Clinical Features

Tackling Violence against Hospital Staff

An integrated approach is needed to tackle violence toward healthcare workers

Last year, a freedom of information request revealed nearly 5,800 HSE staff were physically abused while at work, while HSE data indicates an average of 16 health and social care workers are assaulted every day in hospitals and healthcare facilities in Ireland.

According to research, violence against healthcare workers has been on the rise since the Covid-19 pandemic. Frustration at long waiting times and staff shortages are often cited as factors that have contributed to the increase in hostility toward hospital workers.

Yet despite measures to intervene and prevent such abuse, healthcare staff are continuously exposed to aggressive behaviour from patients, the impacts of which are devastating. Declining mental health, increased anxiety and stress levels, injuries, increased rates of absenteeism and resignations are just some of the consequences of the ongoing abuse.

The question is ‘How’?


As mentioned, we have seen various strategies introduced to curb the abuse of healthcare workers. De-escalation training, which instils employees with the skills to diffuse potentially violent behaviour, is offered to all staff to minimise the risk of an attack taking place.

The training covers behavioural analysis, proactive strategies and communication techniques, with the goal of enabling staff to handle challenging behaviours calmly and confidently. It is a valid and valuable approach to dealing with frustrated or hostile service users, yet it is not foolproof. Aggressive behaviour is often unpredictable and despite the employee’s best efforts, hostility can quickly turn into physical abuse. This is particularly true of psychiatric facilities where mental health disorders can cause patients to behave aggressively without warning, and traditional de-escalation techniques cannot be applied.


Equally, healthcare settings often take a zero-tolerance approach to violence, which class all aggressive behaviour from patients as wholly unacceptable and in doing so fosters a culture where hospital staff are supported and respected. Nonetheless, it is not without its issues – not least the difficulty of determining what aggressive behaviour in a healthcare environment really is. Such strategies are also reactive; rather than prevent assaults from taking place, the policy poses sanctions on those who behave inappropriately. It is perhaps for this reason that despite the NHS introducing a zero-tolerance policy in 1999, rates of abuse toward healthcare workers continue to rise and a large portion of staff deem the approach to be ineffectual at preventing attacks by patients.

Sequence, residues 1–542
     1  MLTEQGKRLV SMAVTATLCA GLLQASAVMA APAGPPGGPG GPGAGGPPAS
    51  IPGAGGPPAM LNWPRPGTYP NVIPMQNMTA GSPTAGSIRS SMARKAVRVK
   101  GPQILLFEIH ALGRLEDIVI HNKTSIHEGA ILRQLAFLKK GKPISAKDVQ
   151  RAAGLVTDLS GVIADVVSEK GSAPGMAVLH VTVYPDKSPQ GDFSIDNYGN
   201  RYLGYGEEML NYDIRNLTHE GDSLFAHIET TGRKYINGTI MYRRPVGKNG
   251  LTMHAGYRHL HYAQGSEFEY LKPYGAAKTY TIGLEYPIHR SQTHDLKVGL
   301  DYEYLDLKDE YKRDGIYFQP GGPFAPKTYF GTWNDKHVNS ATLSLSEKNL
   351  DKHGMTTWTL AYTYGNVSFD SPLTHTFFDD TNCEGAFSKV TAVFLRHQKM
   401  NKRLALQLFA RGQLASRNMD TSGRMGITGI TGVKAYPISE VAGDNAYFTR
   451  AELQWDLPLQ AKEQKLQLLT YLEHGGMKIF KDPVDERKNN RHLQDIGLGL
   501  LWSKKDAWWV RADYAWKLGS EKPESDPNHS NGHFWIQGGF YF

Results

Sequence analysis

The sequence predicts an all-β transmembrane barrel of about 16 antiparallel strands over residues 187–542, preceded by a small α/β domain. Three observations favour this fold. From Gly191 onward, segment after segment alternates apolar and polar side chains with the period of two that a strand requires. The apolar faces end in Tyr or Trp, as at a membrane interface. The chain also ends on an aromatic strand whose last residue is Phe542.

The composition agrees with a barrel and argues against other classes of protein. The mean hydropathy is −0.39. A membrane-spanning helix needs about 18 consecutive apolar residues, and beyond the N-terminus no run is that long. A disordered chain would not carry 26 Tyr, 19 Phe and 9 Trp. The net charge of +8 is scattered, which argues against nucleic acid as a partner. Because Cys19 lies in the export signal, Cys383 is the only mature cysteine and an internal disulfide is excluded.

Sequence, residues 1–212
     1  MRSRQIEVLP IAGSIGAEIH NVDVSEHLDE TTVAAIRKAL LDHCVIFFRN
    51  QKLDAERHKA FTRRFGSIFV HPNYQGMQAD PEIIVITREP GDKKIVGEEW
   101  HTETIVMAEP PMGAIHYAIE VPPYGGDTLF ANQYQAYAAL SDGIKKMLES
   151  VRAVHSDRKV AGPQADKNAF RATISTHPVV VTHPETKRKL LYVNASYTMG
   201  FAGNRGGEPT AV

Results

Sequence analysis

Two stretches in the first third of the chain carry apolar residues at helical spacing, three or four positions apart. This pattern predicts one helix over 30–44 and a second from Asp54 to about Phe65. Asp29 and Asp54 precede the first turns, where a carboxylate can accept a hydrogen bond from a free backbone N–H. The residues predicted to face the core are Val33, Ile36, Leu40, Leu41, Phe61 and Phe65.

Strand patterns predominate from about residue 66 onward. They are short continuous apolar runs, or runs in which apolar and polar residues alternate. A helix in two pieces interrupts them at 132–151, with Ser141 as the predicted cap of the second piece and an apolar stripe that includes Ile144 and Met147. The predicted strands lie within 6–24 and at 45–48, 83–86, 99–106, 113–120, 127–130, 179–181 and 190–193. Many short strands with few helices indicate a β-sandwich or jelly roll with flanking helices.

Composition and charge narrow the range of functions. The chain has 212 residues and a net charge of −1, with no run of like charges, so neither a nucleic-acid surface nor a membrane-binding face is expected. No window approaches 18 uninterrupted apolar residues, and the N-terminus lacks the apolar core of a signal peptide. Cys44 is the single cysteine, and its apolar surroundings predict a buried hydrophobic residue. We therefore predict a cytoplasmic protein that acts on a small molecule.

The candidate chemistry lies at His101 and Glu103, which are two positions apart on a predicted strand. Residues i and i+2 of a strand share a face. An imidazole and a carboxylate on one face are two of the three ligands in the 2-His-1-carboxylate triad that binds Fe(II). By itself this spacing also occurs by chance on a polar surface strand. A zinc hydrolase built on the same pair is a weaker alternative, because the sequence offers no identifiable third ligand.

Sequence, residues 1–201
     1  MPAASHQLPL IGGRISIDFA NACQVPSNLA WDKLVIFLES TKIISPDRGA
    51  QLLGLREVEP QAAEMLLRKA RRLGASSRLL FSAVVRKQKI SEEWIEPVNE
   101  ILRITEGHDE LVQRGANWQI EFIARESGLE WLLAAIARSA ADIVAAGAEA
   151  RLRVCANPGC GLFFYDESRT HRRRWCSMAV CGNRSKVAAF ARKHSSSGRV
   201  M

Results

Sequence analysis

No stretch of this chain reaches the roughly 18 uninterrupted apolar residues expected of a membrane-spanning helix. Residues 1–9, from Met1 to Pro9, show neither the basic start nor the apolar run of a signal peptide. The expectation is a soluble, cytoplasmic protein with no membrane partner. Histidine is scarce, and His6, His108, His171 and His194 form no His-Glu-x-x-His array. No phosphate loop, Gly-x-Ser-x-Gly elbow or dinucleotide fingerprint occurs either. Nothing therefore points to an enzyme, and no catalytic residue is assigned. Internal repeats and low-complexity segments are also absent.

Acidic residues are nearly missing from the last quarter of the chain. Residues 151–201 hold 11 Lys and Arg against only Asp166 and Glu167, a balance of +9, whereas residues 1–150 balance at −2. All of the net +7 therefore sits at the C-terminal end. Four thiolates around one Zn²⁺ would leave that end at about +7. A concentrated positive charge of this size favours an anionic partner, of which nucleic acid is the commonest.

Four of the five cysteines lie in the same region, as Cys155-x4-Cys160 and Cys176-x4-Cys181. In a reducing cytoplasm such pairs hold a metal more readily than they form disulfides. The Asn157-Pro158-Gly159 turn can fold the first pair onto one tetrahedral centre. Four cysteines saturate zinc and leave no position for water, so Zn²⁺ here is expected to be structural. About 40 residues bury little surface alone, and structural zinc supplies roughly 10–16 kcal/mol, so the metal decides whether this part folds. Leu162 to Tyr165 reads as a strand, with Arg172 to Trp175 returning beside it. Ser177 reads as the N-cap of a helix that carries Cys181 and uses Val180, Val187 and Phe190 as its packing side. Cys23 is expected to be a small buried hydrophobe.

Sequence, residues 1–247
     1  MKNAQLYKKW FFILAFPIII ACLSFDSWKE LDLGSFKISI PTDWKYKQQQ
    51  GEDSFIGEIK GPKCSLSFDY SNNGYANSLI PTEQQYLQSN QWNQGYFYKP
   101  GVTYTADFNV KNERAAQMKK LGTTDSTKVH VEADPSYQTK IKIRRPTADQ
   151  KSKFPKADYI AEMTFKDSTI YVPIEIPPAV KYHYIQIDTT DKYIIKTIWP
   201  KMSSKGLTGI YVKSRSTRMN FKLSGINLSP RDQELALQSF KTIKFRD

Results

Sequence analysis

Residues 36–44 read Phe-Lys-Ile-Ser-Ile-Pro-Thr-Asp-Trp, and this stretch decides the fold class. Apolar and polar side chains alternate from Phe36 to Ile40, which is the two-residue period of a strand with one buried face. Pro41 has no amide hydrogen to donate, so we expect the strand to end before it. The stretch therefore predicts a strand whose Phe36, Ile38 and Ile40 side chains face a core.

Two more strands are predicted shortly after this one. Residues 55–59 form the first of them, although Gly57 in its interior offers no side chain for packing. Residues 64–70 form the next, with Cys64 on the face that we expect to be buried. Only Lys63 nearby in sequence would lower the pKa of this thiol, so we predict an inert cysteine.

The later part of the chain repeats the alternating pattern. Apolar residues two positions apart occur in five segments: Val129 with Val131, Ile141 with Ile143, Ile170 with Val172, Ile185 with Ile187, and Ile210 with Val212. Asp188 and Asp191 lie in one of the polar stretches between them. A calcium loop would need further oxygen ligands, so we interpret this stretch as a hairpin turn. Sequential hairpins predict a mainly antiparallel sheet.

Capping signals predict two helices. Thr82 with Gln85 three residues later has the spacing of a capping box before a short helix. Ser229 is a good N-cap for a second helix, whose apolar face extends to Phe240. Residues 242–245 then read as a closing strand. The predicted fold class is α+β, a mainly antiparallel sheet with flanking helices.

Technology: Staff attack systems

The limitations of these existing measures have paved the way for technology to intervene. The presence of alarm systems in healthcare settings is increasingly common, indicating the growing importance of technology to protect employees in high-risk workplaces.

Staff safety systems, such as those manufactured and installed by Pinpoint Ltd, reduce the risk of violent attacks through a powerful, reliable security network that signals when and where a potential incident is taking place.

In practice, this means that staff faced with an aggressive patient can alert responders to their exact location and the incident level by simply pressing a button on a discreet, personal alarm. Doing so allows the response team to swiftly intervene and prevent the situation from escalating further.

Staff alarms typically have two call levels, one to indicate assistance is needed (where a patient is behaving in a hostile way) and another for emergency, which signals violent behaviour is taking place. In both situations, colleagues will attend the scene to provide support and prevent the risk of harm to staff members.

The number of assaults that take place in a healthcare setting typically decreases following the installation of a safety system, as residents realise employees have access to immediate help. In this way, alarms are both a preventative and reactive measure to minimise aggression from patients and reassure employees of their safety at work.


As more instances of abuse and violence by patients are reported, it is clear that more needs to be done to protect our dedicated healthcare workers.

It is only by integrating all three strategies outlined above that healthcare settings can begin to develop a truly complete, robust approach to tackling the rising abuse of healthcare staff.

Used in conjunction with one another, modern alarm systems, de-escalation training and a zero-tolerance approach serve to effectively reduce the abuse of healthcare workers. In doing so, staff gain confidence in their safety while at work, increasing workplace morale, reducing rates of absenteeism and ultimately improving the quality of care delivered to patients.

Written by Daniel Waring, CEO, Pinpoint

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